…(and I also drink far too much tea!).
I’m not writing this post as a lecture or to try and educate you about tool wells, it’s more about me asking for your own views and experiences. For pretty much my whole life I’ve hated tool wells. I was born a tool well hater and yes, I do think hate is the right word here.
But of course we can all change, and when you build lots and lots of workbenches the topic tends to crop up from time to time with customers; I’ve heard a lot of support for them.
My arm wasn’t twisted though until I came to design Little John last year. I experimented working off what to me seemed like very short benches (5′ long) and I realised just how cluttered things became so quickly. On a longer bench I’m used to the luxury of using one end to keep all of my tools to hand but there just wasn’t going to be the same space and so we played around with the tool well. I’ve worked off this bench for a year now and at the moment we’re looking at providing an option for a full width top without tool well. This is when I realised how much I’d miss it!
My two main reason against the tool well were, one – it surely just gets filled up with crap and shavings. And two – you sacrifice the weight in your workbench.
These are still very big concerns for me and I think if your going for a tool well you definitely want to make sure the bottom can be emptied quickly. We use two short trays that can be lifted out easily so all the shavings can fall to the floor swiftly.
Working off Little John has completely changed my perception to the point where I would now strongly consider including a tool well in my next bench.
Something else we get asked for often is storage within the base of a workbench. I’m afraid this is something that I remain strongly against but I know this is personal. I’m sure it makes a lot of sense especially for saving space in the workshop and there’s no harm in adding extra weight there to hold your bench in place. But I’ve always struggled with the idea of being able to use your workbench fully with cupboard and drawers blocking the access for holdfasts and dogs.
I also have a bad memory of an old workbench which I started out with which had a lovely row of drawers along the top. They we’re nicely made if a bit beat up and stiff but were certainly very handy for storing everything out of sight but close to hand. There was more than one time when I stood pleased after spending a good while perfectly lining up and clamping a complicated face frame or such. I’d just need to grab a block plane to true things up but of course the block plane was in the drawer which was now blocked shut by the array of clamps… everything had to be removed.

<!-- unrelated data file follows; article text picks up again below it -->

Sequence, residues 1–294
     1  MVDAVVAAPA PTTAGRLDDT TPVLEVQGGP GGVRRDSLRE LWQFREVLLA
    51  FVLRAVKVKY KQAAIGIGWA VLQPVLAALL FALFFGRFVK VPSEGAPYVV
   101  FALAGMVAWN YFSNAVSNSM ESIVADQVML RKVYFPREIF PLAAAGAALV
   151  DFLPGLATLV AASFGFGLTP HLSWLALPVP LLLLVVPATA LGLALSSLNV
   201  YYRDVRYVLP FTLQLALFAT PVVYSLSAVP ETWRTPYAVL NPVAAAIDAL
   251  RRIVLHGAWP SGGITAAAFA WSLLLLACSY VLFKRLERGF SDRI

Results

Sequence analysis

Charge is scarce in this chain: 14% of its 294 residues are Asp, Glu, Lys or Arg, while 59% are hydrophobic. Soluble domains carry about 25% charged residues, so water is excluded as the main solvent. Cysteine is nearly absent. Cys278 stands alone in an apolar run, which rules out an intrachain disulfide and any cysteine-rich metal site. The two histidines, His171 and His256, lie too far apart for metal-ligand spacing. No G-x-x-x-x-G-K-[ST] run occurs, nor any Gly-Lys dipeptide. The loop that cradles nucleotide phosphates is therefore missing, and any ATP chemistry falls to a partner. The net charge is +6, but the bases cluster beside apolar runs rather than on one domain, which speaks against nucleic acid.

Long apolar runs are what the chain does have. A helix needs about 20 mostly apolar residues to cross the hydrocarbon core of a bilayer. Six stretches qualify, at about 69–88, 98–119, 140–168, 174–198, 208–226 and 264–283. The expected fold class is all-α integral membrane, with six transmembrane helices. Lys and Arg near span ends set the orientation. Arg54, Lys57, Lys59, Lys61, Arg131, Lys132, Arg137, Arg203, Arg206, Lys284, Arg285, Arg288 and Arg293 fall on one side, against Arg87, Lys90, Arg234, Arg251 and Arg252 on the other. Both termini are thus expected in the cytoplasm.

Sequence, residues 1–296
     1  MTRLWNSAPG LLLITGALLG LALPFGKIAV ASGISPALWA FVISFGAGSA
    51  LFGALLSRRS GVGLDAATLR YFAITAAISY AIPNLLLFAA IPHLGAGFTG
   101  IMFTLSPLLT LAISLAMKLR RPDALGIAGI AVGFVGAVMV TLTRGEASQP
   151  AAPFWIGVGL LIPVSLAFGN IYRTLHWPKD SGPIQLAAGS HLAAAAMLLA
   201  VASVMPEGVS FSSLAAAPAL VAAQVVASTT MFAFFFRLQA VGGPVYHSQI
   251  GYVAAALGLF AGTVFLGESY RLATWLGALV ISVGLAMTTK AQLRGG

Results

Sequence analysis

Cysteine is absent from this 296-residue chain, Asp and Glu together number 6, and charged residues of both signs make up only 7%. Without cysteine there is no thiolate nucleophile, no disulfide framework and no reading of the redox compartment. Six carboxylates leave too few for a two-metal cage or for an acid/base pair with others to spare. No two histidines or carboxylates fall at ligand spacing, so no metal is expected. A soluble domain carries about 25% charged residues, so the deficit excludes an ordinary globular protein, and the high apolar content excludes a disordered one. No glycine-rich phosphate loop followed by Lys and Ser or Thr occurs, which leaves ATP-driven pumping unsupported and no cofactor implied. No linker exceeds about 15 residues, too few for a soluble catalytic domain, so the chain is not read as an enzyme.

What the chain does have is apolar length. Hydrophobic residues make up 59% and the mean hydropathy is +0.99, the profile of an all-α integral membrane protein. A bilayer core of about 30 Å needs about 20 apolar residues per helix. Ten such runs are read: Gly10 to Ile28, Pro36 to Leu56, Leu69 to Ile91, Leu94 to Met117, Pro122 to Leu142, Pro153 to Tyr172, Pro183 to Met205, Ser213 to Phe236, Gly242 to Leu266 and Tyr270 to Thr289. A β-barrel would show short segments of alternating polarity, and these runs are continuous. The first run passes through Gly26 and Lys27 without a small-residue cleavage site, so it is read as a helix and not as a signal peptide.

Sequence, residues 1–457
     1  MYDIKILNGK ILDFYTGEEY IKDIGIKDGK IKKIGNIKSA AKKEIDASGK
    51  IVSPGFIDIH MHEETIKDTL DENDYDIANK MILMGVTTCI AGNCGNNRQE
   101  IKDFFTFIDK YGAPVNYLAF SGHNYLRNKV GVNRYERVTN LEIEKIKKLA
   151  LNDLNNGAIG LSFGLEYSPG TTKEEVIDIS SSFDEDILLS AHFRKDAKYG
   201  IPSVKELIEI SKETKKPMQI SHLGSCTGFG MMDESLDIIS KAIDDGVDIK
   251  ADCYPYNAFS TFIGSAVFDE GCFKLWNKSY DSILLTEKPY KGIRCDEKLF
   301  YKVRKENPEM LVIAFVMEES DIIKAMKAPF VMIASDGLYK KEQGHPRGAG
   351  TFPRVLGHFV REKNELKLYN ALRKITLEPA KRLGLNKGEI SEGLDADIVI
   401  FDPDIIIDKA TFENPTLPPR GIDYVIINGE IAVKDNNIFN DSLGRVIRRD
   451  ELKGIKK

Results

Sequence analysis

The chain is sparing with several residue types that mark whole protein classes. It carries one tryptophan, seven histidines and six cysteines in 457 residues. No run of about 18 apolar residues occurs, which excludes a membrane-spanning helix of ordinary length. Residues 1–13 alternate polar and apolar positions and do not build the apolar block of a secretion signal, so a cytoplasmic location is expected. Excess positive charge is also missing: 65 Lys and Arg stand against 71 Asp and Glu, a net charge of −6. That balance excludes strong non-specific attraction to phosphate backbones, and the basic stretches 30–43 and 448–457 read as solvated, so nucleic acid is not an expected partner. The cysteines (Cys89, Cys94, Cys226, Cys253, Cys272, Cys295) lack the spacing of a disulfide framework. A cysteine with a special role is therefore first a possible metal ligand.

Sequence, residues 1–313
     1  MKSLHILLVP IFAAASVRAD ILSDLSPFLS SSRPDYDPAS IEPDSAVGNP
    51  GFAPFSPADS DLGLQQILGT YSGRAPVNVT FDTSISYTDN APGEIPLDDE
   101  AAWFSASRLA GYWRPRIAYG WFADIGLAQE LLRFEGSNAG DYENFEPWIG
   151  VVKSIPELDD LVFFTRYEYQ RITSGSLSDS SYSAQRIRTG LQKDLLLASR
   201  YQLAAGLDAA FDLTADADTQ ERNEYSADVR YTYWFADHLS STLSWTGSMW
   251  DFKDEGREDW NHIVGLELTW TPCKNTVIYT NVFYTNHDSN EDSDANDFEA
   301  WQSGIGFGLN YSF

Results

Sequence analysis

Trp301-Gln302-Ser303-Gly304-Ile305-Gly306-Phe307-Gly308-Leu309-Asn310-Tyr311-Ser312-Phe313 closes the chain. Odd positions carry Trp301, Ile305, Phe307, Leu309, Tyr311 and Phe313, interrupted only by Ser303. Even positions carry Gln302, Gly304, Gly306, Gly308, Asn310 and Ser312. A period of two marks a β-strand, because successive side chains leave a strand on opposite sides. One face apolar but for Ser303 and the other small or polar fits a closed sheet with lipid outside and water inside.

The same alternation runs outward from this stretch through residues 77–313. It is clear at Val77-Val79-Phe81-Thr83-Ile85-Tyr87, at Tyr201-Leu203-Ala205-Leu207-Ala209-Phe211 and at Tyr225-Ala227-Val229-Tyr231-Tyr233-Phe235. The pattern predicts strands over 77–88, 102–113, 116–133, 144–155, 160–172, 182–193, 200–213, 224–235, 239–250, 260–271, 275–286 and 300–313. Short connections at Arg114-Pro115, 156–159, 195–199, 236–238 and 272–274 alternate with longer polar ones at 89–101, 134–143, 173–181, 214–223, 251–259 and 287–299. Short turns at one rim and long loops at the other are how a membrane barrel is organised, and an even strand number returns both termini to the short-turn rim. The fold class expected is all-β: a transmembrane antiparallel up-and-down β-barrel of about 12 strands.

A shelf is perfect bench storage for me. You can add to this all manner of boxes, tool chests and totes so that tools are close by and the space is all well used. I particularly like the idea of making some purpose build totes for specific jobs such as a vice fitting kit. I’d always have everything ready to carry the necessary tools over to the job; they would even have a flap down lid to keep the dust out should I ever get around to making them.
I do like the idea of built in storage in an assembly bench to keep all of the bulky glues and finishes out of sight. And a final thought is how useful the English style of workbench can be for its lack of bottom rail, this makes it the perfect area for wheeling under a tool chest or small extractor and it’s so easy to brush out all of the crud which finds it’s way under your bench.
Anyway if you happen to love workbench storage or hate tool wells then I’d love to hear your reasons why – no matter how obscure. Even when you feel stuck in your ways we can always be persuaded in a new direction, we’re constantly evolving and changing. Unless you’re my old man… he never changes.
So my name’s Richard and I’ve gotten over my hatred for tool wells!
We’ll be working late tonight in a bid to get our next video up and running tomorrow. We’re taking a closer look at cutting rebates with some really basic solutions that avoid the fillister plane used in Part One of the Wall Cupboard build.